In the 1980s, Cherkasy was one of the leading producers of rabbit meat in Ukraine. In the 90s, however, production declined as cheap chicken from the United States and Europe replaced rabbit meat in the Ukrainian diet. Today, rabbit meat is seeing a resurgence in popularity and production in the region is now picking up with help from an EU-funded project.
Rabbit meat is considered a healthy and nutritious food. Doctors recommend that infants eat rabbit as their first meat as it allows the body to get used to the digestion of meat products. Rabbit meat is also recommended for adolescents, nursing mothers and the elderly. Along with the increasing demand for healthy food in general, demand for rabbit meat has also begun to grow.
The design of many mini-farms allows for rabbits to be kept year round in the fresh air. Rabbits do not require special facilities and can be easily accommodated in private yards and farms. These production advantages encouraged the administration of Cherkasy region to work toward restoring the industry.
Since this kind of business development initiative requires funding beyond what the state was able to contribute, the regional administration looked elsewhere for financial investment. Local officials decided to participate in the grant competition for the EU’s Support to Ukraine’s Regional Development Policy programme.
“Having analysed the various possible directions for the regions’ development, we prepared a concept note on the project focused on the theme of cooperation and submitted it to the competition,” says project coordinator Tamila Lepyoshkina. The officials, with the help of community leaders of the regional rabbit breeders society, amateur graziers, and entrepreneurs compiled the grant application.
In January 2015, Cherkasy won the grant and signed a contract with the European Commission. The project’s total budget is €617 137,30 Out of this, the European Union provided €491 925,30 , while the Cherkasy oblast has allocated €123212.
According to Lepyoshkina, the project’s main goal is to reduce unemployment in rural areas. “To support newly established cooperatives we created a regional educational and practical centres of development and multipurpose cooperatives,” she says.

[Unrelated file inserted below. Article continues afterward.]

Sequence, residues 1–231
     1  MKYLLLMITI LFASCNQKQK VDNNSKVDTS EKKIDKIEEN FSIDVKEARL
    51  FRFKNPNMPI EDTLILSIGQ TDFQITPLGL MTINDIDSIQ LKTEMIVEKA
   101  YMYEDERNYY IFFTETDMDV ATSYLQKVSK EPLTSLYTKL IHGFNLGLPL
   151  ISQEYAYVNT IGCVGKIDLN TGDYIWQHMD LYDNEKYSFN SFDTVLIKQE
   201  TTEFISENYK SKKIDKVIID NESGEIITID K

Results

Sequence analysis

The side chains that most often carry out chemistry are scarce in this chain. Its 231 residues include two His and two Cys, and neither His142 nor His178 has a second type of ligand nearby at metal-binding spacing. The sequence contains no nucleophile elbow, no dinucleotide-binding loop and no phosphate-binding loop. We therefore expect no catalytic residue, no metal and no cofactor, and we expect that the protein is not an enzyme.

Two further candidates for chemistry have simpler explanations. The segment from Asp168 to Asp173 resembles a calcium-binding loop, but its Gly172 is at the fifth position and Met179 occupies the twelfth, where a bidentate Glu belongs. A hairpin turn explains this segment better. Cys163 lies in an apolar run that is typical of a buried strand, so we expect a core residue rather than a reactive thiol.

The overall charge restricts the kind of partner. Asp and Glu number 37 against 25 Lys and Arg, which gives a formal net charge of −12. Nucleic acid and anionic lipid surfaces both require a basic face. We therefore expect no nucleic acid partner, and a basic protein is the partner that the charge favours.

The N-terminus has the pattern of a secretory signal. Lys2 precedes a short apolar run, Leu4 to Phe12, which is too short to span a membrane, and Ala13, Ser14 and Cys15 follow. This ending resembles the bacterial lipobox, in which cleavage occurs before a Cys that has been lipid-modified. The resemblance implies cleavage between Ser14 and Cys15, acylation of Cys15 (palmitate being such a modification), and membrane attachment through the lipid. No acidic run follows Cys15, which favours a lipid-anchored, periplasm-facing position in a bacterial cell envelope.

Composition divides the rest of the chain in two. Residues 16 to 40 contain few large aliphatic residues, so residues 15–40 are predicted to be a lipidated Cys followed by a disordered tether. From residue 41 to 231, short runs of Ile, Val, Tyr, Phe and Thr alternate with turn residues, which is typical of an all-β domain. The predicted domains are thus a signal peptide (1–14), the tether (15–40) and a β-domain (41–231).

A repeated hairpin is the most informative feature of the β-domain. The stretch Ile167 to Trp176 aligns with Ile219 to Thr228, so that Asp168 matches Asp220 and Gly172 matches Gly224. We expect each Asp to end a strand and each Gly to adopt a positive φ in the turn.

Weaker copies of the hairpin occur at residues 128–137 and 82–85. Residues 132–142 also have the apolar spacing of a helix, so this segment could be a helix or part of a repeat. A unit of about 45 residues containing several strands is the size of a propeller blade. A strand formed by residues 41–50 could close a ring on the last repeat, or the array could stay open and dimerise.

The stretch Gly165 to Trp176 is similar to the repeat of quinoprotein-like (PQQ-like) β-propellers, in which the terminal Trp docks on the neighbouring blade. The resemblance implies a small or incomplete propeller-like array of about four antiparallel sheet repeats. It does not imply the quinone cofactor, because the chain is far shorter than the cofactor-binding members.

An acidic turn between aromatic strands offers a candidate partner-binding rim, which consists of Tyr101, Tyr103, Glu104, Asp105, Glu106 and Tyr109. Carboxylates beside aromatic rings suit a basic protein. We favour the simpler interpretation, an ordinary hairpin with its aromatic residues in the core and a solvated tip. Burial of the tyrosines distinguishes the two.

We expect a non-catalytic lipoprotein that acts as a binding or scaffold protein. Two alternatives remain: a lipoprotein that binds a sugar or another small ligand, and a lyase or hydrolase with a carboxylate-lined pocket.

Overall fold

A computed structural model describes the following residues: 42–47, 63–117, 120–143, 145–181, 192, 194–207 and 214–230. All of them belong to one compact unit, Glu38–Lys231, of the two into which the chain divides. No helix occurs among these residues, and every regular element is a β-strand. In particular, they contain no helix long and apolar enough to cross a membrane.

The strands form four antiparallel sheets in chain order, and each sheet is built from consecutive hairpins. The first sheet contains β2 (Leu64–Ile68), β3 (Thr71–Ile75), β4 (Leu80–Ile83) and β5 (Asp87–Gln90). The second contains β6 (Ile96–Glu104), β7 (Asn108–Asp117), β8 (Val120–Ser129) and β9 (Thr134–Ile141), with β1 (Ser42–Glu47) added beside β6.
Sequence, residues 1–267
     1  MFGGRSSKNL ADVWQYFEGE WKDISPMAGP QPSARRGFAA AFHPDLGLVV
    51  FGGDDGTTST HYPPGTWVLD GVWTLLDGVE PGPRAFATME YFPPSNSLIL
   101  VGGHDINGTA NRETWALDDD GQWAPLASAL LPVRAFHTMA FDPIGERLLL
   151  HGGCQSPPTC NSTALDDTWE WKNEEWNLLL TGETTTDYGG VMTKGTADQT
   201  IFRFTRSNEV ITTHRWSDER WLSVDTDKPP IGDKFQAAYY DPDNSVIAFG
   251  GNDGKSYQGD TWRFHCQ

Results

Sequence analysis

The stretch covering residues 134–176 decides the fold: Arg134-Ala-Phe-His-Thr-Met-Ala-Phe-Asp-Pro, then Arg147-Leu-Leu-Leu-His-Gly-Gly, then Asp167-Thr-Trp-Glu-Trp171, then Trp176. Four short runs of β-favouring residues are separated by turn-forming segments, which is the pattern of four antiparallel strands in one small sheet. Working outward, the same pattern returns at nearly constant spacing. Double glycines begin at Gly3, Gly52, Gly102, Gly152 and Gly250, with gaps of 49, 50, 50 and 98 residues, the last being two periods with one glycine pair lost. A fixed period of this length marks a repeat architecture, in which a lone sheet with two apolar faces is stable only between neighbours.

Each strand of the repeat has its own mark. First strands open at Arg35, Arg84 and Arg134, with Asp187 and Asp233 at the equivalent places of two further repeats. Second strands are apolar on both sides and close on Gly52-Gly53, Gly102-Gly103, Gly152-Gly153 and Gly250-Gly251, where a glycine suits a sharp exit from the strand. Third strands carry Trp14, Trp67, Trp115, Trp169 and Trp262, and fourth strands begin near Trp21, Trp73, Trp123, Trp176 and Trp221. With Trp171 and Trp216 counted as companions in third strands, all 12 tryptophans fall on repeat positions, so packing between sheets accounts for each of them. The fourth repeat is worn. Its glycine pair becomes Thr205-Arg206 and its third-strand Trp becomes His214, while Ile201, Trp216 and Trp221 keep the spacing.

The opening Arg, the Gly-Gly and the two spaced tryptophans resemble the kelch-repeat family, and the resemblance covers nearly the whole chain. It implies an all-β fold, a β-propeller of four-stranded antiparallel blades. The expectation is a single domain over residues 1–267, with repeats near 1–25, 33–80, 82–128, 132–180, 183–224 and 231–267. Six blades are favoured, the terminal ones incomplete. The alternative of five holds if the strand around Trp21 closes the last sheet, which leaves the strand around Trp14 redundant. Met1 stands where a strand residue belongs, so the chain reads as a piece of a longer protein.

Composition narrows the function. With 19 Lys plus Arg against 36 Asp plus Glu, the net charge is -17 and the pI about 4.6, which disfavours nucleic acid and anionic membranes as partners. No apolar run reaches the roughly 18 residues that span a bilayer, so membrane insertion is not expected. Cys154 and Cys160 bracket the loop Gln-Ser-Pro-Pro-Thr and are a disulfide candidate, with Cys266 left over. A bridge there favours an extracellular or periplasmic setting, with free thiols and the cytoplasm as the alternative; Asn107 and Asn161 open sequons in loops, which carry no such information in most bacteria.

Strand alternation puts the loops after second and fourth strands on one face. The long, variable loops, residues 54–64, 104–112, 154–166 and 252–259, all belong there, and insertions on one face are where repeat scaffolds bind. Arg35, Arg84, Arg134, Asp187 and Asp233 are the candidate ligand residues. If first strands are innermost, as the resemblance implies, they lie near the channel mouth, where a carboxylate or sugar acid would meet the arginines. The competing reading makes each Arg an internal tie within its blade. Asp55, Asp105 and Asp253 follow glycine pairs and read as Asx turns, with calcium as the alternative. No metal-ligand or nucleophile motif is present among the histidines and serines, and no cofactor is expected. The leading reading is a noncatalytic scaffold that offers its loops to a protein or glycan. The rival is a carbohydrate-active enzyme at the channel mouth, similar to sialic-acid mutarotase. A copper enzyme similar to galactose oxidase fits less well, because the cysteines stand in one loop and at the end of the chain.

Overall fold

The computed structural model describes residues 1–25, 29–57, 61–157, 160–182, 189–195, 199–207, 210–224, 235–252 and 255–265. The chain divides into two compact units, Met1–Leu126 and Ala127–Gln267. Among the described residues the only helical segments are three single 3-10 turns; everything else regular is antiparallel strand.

Centres will breed pedigree rabbits and transfer them to the cooperatives. These Centres will also give legal, veterinary, technical, financial, and managerial assistance to farmers.
Workshops about the technical aspects of breeding rabbits, and management and accounting training for members of the cooperatives have already started. Gregory, the chairman of the “Real Rabbit” cooperative from the Heronymivka village has already completed his training. His four-member cooperative has been operating for three months already.
Gregory says that it was easy to create a cooperative. “Thanks to the support of the regional council and the EU program it was pretty easy. The fact is that our people have had experience with breeding rabbits and I didn’t have to convince anyone to start this business. In addition, we participated in seminars and training sessions at Uman State University. The teachers gave sugar-coated information about business plans, veterinary practice, and the technology of growing rabbits,” the farmer says.
The project is intended to create 50 cooperatives in the region. In addition to the breeding of rabbits, they will also cultivate and dry fruits and berries. Within the framework of project, more than 20 cooperatives have already been provided with facilities.
“This autumn three cooperatives will receive total 6,000 currant seedlings and newly-established cooperatives will receive mini-farms,” says Lepyoshkina. The farmers plant trees on their plots, and dryers are placed in areas designated by the village Council.
It is expected that the cooperatives will create up to 300 jobs. These are not only jobs for tradespeople, but also accountants, sales managers, marketers, veterinarians, technologists, food industry workers, and others.
The “Real Rabbit” cooperative only recently started operating, but Gregory already has new plans to tackle the current problems. For example, one of the challenges that rabbit meat producers have faced is finding a market for the products.
Despite the gradual increase in demand for rabbit meat, it is sometimes difficult to find buyers; selling wholesale is unprofitable and retail customers buy meat infrequently. Currently, consumers are principally parents buying the meat for their children.
“We have no culture of consumption of rabbit meat anymore; we eat it only on occasion. So I have to convince people to stop poisoning themselves with broiler chickens and start eating real meat,” complained one manufacturer.
In order to expand the distribution network, Gregory is planning to create a programme of support for regional development cooperatives. “We suggested creating our own network of distributors for fear that farmers may have trouble figuring out what to do with their products,” he says.
Gregory also plans to build a small feed plant with the help of the regional administration. “We have already talked about this, because up to 70-80% of our costs is food supply. If we organise the manufacturing of feed, we can reduce these costs,” he says.
Project “Creating of a centre for the development of multipurpose cooperatives” operates under the EU-funded project “Support to Ukraine’s Regional Development Policy” (SURDP). The overall objective of the project is to contribute to social, economic and territorial cohesion of the country. Implementation of the project will strengthen the capacity of Ukrainian authorities and other stakeholders to develop and implement effective regional development policies.